11 testicular deficiency becomes more severe. Patients with a spermatozoa count < 5 million/ml already show a 10-fold higher incidence (4%) of mainly autosomal structural abnormalities compared with the general population [33, 34]. Men with NOA are at highest risk, especially for sex chromosomal anomalies. Based on the frequencies of chromosomal aberrations in patients with different sperm concentration, karyotype analysis is indicated in men with azoospermia or oligozoospermia (spermatozoa < 10 million/ml) [34]. A recent study proposes to restrict karyotype to NOA men with the purpose to prevent adverse pregnancy outcomes [35]. If there is a family history of recurrent spontaneous abortions, malformations or mental retardation, karyotype analysis should be requested, regardless of the sperm concentration Sex chromosome abnormalities (Klinefelter s syndrome and variants [47,XXY; 46,XY/47, XXY mosaicism]) Klinefelter s syndrome is the most common sex chromosome abnormality [36]. Adult men with Klinefelter s syndrome have small firm testicles, devoid of germ cells. The phenotype varies from a normally virilised man to one with the stigmata of androgen deficiency, including female hair distribution, scant body hair, and long arms and legs due to late epiphyseal closure. Leydig cell function is commonly impaired in men with Klinefelter s syndrome [37]. Testosterone levels may be normal or low, oestradiol levels normal or elevated, and FSH levels increased. Libido is often normal despite low testosterone levels, but androgen replacement may be needed as the patient ages. Germ cell presence and sperm production are variable in men with Klinefelter s mosaicism, 46,XY/47,XXY. Based on sperm fluorescence in situ hybridisation (FISH) studies showing an increased frequency of sex chromosomal abnormalities and increased incidence of autosomal aneuploidy (disomy for chromosomes 13, 18 and 21), concerns have been raised about the chromosomal normality of the embryos generated through ICSI [38]. The production of 24,XY sperm has been reported in 0.9% and 7.0% of men with Klinefelter s mosaicism [39, 40] and in % of men with somatic karyotype 47,XXY [41-44]. In patients with azoospermia, TESE or (micro-tese) can be proposed as a therapeutic option since spermatozoa can be recovered in about 30% of cases. There is growing evidence that TESE or micro TESE yields higher sperm recovery rates when done at younger age. Numerous healthy children have been born using ICSI without pre-implantation genetic diagnosis (PGD) and the conception of one 47,XXY foetus has been reported [36]. However, a study of ICSI combined with PGD in 113 embryos reported a significant fall in the rate of normal embryos for couples with Klinefelter s syndrome with respect to controls (54% vs. 77.2%) [44]. Due to the significant increase of sex chromosomal and autosomal abnormalities in the embryos of Klinefelter s patients, PGD or amniocentesis analysis should be considered. Follow-up (possibly every year) of men with Klinefelter s syndrome is required and androgen replacement therapy should be started after fertility issues have been addressed and when testosterone level is in the range of hypoandrogenism. TESE in peripubertal or pre-pubertal Klinefelter boys aiming at cryopreservation of testicular spermatogonial stem cells is to be considered experimental and should only be performed within a research protocol [45] Autosomal abnormalities Genetic counselling should be offered to all couples seeking fertility treatment (including IVF/ICSI) when the male partner has an autosomal karyotype abnormality. The most common autosomal karyotype abnormalities are Robertsonian translocations, reciprocal translocations, paracentric inversions, and marker chromosomes. It is important to look for these structural chromosomal anomalies because there is an increased associated risk of aneuploidy or unbalanced chromosomal complements in the foetus. As with Klinefelter s syndrome, sperm FISH analysis provides a more accurate risk estimation of affected offspring, however, the diffusion of this genetic test is largely limited by the availability of laboratories able to perform this analysis. When IVF/ICSI is carried out for men with translocations, PGD or amniocentesis should be performed Sperm chromosomal abnormalities Sperm can be examined for their chromosomal constitution using multicolour FISH both in men with normal karyotype and with anomalies. Aneuploidy in sperm, particularly sex chromosome aneuploidy, is associated with severe damage to spermatogenesis [32, 46-48] and with translocations [49]. Florescence in situ hybridisation analysis of spermatozoa is only indicated for specific andrology conditions e.g. macrocephalia [48]. 11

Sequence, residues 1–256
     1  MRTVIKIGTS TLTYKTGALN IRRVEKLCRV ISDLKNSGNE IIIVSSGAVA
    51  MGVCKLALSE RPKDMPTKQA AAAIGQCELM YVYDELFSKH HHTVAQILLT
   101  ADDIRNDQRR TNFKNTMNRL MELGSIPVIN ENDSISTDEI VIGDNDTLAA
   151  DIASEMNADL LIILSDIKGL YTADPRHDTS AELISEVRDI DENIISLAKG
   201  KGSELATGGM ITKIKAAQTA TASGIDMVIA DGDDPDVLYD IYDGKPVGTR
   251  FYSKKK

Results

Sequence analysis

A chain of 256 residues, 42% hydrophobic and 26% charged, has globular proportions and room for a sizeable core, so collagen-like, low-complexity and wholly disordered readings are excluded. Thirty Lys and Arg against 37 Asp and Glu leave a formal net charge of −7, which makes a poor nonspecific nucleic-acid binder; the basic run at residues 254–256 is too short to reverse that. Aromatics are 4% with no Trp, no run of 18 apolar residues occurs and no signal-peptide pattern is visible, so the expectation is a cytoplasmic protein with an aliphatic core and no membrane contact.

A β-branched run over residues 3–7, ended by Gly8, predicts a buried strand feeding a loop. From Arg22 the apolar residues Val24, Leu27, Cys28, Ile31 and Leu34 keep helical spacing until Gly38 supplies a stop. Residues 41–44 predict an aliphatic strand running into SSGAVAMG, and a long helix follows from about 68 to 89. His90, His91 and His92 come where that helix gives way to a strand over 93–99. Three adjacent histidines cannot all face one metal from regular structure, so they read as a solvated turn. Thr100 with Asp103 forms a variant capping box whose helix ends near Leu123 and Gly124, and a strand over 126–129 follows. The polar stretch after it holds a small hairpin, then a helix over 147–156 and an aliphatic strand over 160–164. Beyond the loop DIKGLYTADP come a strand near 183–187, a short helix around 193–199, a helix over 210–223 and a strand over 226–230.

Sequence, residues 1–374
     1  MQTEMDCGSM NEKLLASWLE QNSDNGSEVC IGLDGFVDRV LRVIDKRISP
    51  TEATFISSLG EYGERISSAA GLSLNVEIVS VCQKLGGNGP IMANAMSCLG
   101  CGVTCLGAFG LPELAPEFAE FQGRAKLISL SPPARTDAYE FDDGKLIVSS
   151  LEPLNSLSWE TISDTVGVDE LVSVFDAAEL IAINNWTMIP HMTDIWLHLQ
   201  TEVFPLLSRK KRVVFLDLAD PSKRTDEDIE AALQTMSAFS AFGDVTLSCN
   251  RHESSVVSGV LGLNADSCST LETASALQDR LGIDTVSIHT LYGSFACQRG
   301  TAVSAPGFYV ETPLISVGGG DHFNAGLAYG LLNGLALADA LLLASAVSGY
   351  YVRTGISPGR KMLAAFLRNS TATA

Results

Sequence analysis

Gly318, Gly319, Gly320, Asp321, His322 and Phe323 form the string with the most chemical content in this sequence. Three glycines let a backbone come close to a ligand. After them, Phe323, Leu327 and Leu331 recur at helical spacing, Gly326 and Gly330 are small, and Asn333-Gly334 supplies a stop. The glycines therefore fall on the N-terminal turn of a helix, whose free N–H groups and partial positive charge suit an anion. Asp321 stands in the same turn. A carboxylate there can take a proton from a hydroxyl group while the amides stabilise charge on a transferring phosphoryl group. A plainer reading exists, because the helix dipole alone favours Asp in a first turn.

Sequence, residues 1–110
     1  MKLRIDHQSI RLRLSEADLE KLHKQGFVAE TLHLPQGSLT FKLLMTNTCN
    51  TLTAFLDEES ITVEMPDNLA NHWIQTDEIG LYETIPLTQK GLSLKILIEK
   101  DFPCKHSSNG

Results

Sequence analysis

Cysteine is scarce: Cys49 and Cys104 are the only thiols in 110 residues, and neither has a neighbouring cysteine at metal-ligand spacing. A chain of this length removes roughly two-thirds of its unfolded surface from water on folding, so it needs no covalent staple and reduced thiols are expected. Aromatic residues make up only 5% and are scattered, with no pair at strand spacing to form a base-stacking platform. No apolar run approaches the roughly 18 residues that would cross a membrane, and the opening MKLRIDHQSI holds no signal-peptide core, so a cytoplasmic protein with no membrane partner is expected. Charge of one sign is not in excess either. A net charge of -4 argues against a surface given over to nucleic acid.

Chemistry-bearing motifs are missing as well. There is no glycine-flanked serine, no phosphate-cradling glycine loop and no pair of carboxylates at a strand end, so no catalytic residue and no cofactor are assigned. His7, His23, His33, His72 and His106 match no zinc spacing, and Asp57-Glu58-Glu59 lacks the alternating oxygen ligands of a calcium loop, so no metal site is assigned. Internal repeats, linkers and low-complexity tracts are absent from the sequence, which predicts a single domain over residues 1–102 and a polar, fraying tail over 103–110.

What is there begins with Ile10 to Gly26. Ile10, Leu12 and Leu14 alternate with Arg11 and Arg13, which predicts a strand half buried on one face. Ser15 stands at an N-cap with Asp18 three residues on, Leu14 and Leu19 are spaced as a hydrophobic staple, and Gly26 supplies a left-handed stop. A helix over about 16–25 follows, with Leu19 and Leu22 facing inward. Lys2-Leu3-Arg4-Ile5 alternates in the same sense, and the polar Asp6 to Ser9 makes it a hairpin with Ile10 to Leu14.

12 5.2.2 Genetic defects X-linked genetic disorders and male fertility Each man has only one X-chromosome. An X-linked recessive disorder manifests in males. The defect will be transmitted to daughters, but not to sons Kallmann syndrome Patients with Kallmann syndrome have hypogonadotropic hypogonadism and anosmia, but may also have other clinical features, including facial asymmetry, cleft palate, colour blindness, deafness, maldescended testes, and unilateral renal aplasia. This syndrome can be due to mutation in the Kalig-1 gene [on the X-chromosome] or in several other autosomal genes and should be tested [48, 49]. Spermatogenesis can be relatively easily induced by hormonal treatment [50], therefore, genetic screening prior to therapy is advisable although it is limited by the rarity of specialised genetic laboratories that can offer this genetic test. Treatment with gonadotropins allows natural conception in most cases, even for men with a relatively low sperm count. Thus, identification of the involved gene (X-linked, autosomal dominant or recessive) can help to provide more accurate genetic counselling, that is, risk estimation for transmission to the offspring Mild androgen insensitivity syndrome The AR gene is located on the long arm of the X-chromosome. Mutations in the AR gene may result in mild to complete androgen insensitivity. The phenotypic features of complete androgen insensitivity syndrome are female external genitalia and absence of pubic hair (Morris syndrome). In partial androgen insensitivity syndrome, phenotypes range from predominantly female phenotype through ambiguous genitalia, to predominantly male phenotype with micropenis, perineal hypospadias, and cryptorchidism. The latter phenotype is also termed Reifenstein syndrome. In the forementioned severe forms of androgen resistance, there is no risk of transmission because affected men cannot generate their own biological children using the current technologies. Patients with mild androgen insensitivity syndrome have male infertility as their primary or even sole symptom. Disorders of the androgen receptor causing infertility in the absence of any genital abnormality are rare, and only a few mutations have been reported in infertile [51-54] or fertile [55] men Other X-disorders An unexpectedly high number of genes with a testis-specific or enriched expression pattern have been identified on the X-chromosome, and in particular, premeiotic genes are over-represented on the X-chromosome compared with autosomal chromosomes [56]. Nevertheless, to date only a few genes have been screened in relatively small populations and none of them appear relevant for male infertility [57, 58]. On the other hand, two recent independent studies showed a significantly higher deletion load on the X-chromosome in men with spermatogenic failure with respect to normozoospermic controls [59, 60] Y-chromosome and male infertility Microdeletions on the Y-chromosome are termed AZFa, AZFb and AZFc [61]. Clinically relevant deletions remove partially, or in most cases completely, one or more of the AZF regions, and are the most frequent molecular genetic cause of severe oligozoospermia and azoospermia [62]. In each AZF region, there are several spermatogenesis candidate genes [63]. Deletions occur en bloc (i.e. removing more than one gene), thus, it is not possible to determine the role of a single AZF gene from the AZF deletion phenotype and it is unclear if they all participate in spermatogenesis. Gene-specific deletions, which remove a single gene, have been reported only in the AZFa region and concern the USP9Y gene. These studies have suggested that USP9Y is most likely to be a fine tuner of sperm production, and its specific screening is not advised [64] Clinical implications of Y microdeletions The clinical significance of Yq microdeletions can be summarised as follows: They are not found in normozoospermic men, proving there is a clear cut cause-and-effect relationship between Y-deletions and spermatogenic failure [65]. The highest frequency of Y-deletions is found in azoospermic men (8-12%), followed by oligozoospermic (3-7%) men. Deletions are extremely rare with a sperm concentration > 5 million/ml (~0.7%). AZFc deletions are most common (65-70%), followed by Y-deletions of the AZFb and AZFb+c or AZFa+b+c regions (25-30%). AZFa region deletions are rare (5%). Complete removal of the AZFa region is associated with severe testicular phenotype (Sertoli cell only syndrome), while complete removal of the AZFb region is associated with spermatogenic rest. Complete removal of the AZFc region causes a variable phenotype ranging from azoospermia to oligozoospermia. 12